Cathy A. Wills

2006-10-01T23:59:59.000Z

347

SAVANNAH RIVER SITE ENVIRONMENTAL REPORT FOR 2007  

SciTech Connect

The Savannah River Site Environmental Report for 2007 (WSRC-STI-2008-00057) prepared for the US Department of Energy (DOE) according to requirements of DOE Order 231.1A, 'Environment, Safety and Health Reporting', and DOE Order 5400.5, 'Radiation Protection of the Public and Environment'. The report's purpose is to: (1) present summary environmental data that characterize site environmental management performance; (2) confirm compliance with environmental standards and requirements; (3) highlight significant programs and efforts; (4) assess the impact of SRS operations on the public and the environment.

Mamatey, A

2008-08-27T23:59:59.000Z

348

SAVANNAH RIVER SITE ENVIRONMENTAL REPORT FOR 2005  

SciTech Connect

The ''Savannah River Site Environmental Report for 2005'' (WSRC-TR-2006-00007) is prepared for the U.S. Department of Energy (DOE) according to requirements of DOE Order 231.1A, ''Environment, Safety and Health Reporting'', and DOE Order 5400.5, ''Radiation Protection of the Public and Environment''. The report's purpose is to: present summary environmental data that characterize site environmental management performance; confirm compliance with environmental standards and requirements; highlight significant programs and efforts; and assess the impact of SRS operations on the public and the environment.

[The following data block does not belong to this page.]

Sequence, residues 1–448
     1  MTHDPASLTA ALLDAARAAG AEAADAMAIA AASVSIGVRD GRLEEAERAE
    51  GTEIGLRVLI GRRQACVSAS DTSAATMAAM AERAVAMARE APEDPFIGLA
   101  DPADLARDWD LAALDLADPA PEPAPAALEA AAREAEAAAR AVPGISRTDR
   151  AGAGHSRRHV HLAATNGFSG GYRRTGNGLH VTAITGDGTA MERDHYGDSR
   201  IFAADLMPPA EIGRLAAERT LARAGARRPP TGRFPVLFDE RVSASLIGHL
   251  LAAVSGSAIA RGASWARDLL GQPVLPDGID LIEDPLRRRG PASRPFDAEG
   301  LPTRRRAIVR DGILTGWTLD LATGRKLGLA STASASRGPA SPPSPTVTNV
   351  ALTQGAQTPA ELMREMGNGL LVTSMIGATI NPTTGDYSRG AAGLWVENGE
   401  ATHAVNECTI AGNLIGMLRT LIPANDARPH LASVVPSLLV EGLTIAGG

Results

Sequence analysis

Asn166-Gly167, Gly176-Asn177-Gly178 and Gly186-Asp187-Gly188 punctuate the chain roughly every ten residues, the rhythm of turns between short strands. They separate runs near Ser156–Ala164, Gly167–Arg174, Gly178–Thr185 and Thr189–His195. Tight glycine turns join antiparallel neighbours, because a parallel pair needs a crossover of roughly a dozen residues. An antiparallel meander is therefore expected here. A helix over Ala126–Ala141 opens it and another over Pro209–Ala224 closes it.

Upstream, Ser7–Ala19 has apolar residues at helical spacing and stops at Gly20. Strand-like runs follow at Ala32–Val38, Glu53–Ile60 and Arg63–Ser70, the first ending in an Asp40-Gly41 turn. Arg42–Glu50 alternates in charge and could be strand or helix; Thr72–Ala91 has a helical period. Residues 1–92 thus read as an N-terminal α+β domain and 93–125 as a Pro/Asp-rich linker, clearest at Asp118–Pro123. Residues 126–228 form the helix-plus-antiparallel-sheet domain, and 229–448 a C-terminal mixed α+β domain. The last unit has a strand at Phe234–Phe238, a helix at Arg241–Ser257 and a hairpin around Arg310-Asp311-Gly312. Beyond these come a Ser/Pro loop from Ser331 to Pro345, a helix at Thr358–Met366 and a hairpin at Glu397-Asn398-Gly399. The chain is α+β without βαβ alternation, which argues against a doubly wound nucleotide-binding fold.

Mamatey, A

2006-07-18T23:59:59.000Z

349

SAVANNAH RIVER SITE ENVIRONMENTAL REPORT FOR 2007  

SciTech Connect

The Savannah River Site Environmental Report for 2007 (WSRC-STI-2008-00057) prepared for the US Department of Energy (DOE) according to requirements of DOE Order 231.1A, 'Environment, Safety and Health Reporting', and DOE Order 5400.5, 'Radiation Protection of the Public and Environment'. The report's purpose is to: (1) present summary environmental data that characterize site environmental management performance; (2) confirm compliance with environmental standards and requirements; (3) highlight significant programs and efforts; (4) assess the impact of SRS operations on the public and the environment.